*3 Department of Political and Economic Studies, University of Helsinki, Finland

*4 Ecosystems and Environment Research Programme & Helsinki Institute of Sustainability Science

(HELSUS), Faculty of Biological and Environmental Sciences, University of Helsinki, Finland

Corresponding author: Paavo Järvensivu, D.Sc. (Econ.), paavo.jarvensivu@bios.fi

Governance of Economic Transition

We live in an era of turmoil and profound change in the energetic and material underpinnings of economies. The era of cheap energy is coming to an end (Murphy 2014, Lambert et al. 2014, Hall et al. 2014, Hall et al. 2009, Hirsch et al. 2005). Because economies are for the first time in human history shifting to energy sources that are less energy efficient, production of usable energy (exergy) will require more, not less, effort on the part of societies to power both basic and non-basic human activities. Sink costs are also rising; economies have used up the capacity of planetary ecosystems to handle the waste generated by energy and material use. Climate change is the most pronounced sink cost.

What will happen during the oncoming years and decades when we enter the era of energy transition, combined with emission cuts, and start to witness more severe effects of climate change? That is the big question. What kind of economic understanding and governance models do we need, now that economies are undergoing dramatic rather than incremental change? While economists typically emphasize carbon pricing as a policy tool for tackling climate change, natural scientists and multidisciplinary environmental research groups argue for more profound political engagement and proactive governance of economic transition (Chapin et al. 2011, Steffen et al. 2018) – something akin to a global Marshall Plan (Aronoff 2017, Gore 1992). This difference in perspective is in part due to relatively recent advancements in environmental research, which have revealed a faster-than-expected decline in natural ecosystems and take into account the whole range of human-induced pressures, and not merely climate emissions (Barnosky et al. 2014).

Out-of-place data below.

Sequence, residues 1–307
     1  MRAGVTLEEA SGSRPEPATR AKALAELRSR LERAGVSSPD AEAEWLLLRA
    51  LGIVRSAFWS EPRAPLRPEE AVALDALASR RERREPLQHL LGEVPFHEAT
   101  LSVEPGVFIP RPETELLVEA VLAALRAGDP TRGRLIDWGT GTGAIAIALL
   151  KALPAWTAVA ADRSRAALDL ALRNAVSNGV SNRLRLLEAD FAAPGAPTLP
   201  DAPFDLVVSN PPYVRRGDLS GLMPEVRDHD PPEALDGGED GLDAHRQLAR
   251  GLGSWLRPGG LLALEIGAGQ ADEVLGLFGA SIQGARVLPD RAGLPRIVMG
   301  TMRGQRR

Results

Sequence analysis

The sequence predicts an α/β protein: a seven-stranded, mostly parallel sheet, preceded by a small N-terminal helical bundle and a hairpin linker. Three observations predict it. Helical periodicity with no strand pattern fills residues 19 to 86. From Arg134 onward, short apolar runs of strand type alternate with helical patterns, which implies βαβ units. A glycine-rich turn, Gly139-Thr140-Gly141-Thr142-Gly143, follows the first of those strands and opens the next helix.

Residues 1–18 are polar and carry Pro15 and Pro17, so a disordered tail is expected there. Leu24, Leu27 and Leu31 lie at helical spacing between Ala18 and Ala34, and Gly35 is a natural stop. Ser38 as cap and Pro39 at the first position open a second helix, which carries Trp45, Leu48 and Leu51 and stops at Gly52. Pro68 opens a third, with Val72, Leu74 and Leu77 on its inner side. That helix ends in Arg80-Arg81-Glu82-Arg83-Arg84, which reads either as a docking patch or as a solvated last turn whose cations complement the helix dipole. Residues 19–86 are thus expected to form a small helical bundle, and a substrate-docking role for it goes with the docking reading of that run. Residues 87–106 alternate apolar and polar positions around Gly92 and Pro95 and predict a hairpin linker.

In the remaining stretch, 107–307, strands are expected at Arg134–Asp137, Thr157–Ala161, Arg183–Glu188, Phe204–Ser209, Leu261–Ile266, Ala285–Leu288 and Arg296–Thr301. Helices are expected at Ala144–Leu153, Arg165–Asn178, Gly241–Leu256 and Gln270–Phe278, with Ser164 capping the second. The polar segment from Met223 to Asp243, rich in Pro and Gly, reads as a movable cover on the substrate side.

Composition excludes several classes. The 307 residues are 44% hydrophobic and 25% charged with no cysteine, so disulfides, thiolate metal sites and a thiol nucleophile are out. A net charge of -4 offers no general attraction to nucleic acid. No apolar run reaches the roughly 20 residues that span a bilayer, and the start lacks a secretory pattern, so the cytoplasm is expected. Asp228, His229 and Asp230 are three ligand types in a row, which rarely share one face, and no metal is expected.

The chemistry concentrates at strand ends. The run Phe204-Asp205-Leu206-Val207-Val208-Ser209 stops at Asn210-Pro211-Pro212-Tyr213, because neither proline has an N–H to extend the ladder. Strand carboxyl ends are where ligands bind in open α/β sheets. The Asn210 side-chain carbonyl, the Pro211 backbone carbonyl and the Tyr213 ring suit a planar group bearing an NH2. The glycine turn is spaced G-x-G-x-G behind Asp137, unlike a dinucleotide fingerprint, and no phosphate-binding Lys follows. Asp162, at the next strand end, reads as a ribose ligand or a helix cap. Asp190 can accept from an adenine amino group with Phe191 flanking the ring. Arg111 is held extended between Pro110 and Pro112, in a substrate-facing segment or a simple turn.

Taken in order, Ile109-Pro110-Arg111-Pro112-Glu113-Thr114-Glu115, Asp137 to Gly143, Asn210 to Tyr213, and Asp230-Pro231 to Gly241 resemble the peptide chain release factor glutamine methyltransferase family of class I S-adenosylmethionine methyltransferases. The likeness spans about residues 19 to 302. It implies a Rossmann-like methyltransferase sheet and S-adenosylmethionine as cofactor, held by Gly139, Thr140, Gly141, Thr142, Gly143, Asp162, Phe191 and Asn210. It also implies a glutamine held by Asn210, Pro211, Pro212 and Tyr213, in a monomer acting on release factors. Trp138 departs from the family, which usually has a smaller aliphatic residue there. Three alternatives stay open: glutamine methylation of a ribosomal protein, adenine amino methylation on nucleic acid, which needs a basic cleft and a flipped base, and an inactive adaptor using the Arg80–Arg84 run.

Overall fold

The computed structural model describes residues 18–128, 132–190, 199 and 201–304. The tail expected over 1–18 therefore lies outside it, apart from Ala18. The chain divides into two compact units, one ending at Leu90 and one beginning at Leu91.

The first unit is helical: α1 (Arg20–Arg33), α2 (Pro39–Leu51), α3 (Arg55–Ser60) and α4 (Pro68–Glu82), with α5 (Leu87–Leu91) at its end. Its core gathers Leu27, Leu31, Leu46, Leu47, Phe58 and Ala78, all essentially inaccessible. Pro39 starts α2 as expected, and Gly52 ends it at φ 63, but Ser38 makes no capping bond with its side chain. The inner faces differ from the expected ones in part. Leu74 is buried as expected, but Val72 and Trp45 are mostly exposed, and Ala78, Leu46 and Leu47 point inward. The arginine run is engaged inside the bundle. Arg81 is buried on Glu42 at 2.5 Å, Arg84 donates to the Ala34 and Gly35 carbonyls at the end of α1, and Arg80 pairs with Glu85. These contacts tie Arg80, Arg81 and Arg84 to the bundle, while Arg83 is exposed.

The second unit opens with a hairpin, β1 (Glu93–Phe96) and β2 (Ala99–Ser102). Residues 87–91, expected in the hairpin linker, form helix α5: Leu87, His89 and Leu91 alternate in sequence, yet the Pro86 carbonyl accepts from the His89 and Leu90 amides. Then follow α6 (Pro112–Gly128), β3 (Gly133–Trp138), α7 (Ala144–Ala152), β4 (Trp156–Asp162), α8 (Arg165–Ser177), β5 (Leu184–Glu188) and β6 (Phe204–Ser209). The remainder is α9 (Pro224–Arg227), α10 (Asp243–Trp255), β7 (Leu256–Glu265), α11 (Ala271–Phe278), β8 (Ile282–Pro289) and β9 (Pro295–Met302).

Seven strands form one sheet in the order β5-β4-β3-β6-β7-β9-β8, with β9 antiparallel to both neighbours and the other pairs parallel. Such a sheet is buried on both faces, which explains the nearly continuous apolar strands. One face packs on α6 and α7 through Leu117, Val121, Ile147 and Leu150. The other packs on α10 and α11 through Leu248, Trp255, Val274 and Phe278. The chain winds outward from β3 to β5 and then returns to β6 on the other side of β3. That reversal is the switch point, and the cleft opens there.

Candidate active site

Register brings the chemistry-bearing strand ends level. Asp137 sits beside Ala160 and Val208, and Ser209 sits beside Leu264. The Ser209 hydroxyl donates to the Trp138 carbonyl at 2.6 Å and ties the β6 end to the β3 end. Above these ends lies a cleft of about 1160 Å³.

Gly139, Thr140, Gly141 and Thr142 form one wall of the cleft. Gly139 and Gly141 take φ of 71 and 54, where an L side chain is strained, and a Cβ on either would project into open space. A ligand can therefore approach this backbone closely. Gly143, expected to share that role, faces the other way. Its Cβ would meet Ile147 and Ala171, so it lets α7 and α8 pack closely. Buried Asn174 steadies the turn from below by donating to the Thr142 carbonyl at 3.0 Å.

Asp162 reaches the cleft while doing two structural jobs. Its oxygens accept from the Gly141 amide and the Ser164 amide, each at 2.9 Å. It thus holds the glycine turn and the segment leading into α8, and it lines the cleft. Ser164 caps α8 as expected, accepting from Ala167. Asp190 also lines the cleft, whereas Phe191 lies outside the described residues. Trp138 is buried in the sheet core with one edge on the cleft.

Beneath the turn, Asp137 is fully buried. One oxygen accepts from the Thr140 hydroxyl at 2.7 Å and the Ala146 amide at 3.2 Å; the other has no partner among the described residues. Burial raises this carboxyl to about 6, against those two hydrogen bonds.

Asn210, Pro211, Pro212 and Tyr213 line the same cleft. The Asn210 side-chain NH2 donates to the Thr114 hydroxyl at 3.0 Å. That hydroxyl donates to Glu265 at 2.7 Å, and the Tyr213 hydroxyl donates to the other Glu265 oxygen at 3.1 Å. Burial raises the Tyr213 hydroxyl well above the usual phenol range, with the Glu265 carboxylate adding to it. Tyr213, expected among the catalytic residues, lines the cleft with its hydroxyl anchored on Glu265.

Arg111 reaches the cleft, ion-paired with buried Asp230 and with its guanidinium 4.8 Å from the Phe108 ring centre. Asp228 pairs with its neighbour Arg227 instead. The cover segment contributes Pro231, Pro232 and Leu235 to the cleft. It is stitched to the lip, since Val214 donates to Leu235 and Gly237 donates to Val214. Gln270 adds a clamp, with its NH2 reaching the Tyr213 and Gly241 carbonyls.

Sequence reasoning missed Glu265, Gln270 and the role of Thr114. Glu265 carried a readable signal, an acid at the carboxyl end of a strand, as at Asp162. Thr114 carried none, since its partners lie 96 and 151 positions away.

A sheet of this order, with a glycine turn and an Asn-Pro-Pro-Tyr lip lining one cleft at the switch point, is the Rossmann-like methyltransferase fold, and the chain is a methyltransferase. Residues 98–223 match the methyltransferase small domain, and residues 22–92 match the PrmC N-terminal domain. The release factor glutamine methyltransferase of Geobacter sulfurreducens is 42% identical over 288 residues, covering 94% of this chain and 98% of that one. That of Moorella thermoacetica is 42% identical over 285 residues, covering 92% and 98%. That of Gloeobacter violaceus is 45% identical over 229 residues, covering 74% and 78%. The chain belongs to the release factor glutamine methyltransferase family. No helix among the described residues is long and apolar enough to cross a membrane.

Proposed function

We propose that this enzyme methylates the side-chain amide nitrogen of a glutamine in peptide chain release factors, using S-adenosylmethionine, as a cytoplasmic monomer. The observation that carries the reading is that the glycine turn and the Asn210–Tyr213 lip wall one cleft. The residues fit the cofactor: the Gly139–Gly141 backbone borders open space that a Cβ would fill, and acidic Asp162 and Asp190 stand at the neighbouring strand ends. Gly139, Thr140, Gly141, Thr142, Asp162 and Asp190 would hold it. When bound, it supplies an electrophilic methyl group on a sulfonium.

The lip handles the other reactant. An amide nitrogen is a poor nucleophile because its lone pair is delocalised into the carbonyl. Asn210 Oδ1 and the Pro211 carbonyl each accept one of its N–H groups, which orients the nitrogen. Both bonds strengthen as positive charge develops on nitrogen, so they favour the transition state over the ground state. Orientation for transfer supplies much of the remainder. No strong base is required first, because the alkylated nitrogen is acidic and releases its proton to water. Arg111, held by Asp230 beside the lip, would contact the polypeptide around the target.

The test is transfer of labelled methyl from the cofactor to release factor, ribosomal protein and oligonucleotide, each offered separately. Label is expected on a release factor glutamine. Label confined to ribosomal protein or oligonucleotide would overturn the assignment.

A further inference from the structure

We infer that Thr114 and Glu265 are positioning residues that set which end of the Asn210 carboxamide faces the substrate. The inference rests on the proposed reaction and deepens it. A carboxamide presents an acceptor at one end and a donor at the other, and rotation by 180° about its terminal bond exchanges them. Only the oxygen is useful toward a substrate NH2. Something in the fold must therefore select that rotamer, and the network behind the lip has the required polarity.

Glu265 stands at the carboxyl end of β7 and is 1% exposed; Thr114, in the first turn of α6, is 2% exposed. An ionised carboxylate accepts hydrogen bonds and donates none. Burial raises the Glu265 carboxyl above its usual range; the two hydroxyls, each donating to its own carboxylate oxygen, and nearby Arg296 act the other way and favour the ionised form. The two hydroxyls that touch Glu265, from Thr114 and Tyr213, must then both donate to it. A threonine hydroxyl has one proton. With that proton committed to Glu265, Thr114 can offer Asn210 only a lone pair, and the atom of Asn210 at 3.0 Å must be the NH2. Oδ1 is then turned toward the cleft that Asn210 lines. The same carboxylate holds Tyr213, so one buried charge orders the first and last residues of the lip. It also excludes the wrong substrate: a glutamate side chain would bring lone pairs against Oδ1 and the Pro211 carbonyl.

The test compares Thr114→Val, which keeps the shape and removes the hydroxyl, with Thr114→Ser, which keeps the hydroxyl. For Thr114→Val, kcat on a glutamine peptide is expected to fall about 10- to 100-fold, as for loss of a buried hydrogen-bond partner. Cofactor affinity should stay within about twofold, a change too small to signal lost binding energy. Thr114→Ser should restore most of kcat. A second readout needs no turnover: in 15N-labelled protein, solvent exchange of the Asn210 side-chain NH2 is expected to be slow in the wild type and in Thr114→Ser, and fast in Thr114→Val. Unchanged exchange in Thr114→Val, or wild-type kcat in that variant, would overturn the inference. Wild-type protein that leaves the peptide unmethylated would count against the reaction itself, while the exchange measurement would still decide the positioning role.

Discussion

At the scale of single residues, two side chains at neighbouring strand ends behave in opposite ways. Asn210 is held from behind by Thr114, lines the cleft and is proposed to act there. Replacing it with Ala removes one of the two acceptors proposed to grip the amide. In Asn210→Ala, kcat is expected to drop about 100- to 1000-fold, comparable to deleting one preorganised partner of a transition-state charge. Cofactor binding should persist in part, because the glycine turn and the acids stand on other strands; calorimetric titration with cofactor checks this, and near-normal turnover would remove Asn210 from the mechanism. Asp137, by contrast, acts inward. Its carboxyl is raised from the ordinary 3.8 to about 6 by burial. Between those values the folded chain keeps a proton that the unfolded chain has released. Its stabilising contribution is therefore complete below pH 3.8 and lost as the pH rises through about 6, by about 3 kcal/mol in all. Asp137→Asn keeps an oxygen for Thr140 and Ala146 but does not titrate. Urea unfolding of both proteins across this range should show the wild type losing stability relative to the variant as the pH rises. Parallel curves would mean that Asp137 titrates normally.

New economic thinking for the turbulent years ahead

Decades of academic work in ecological economics have gone into integrating energetic and material stocks, flows, and boundaries into economic thinking (van den Bergh 2001, Røpke 2005). Although some progress can be seen on the economic-theoretical level, the economic models which inform political decision-making in rich countries almost completely disregard the energetic and material dimensions of the economy (Hall and Klitgaard 2011).

As Hall and Klitgaard (2011) have shown, today’s dominant economic theories, approaches, and models were developed during the era of energetic and material abundance. These theories were challenged only temporarily by the oil crises of the 1970s and the 1990s; no significant theoretical or political changes were made. Thus, dominant economic theories as well as policy-related economic modeling rely on the presupposition of continued energetic and material growth. The theories and models anticipate only incremental changes in the existing economic order. Hence, they are inadequate for explaining the current turmoil.

In addition to rapid climate change, biodiversity loss, and other environmental hazards, societies are witnessing rising inequality, rising unemployment, slow economic growth, rising debt levels, and governments without workable tools for managing their economies. Central banks in the US and the Eurozone have resorted to unconventional measures such as negative interest rates and buying up significant amounts of public debt. This has relieved some economic pressure, but many commentators are worried about what can be done after these extraordinary measures are exhausted and the next economic crisis hits (Stein 2018).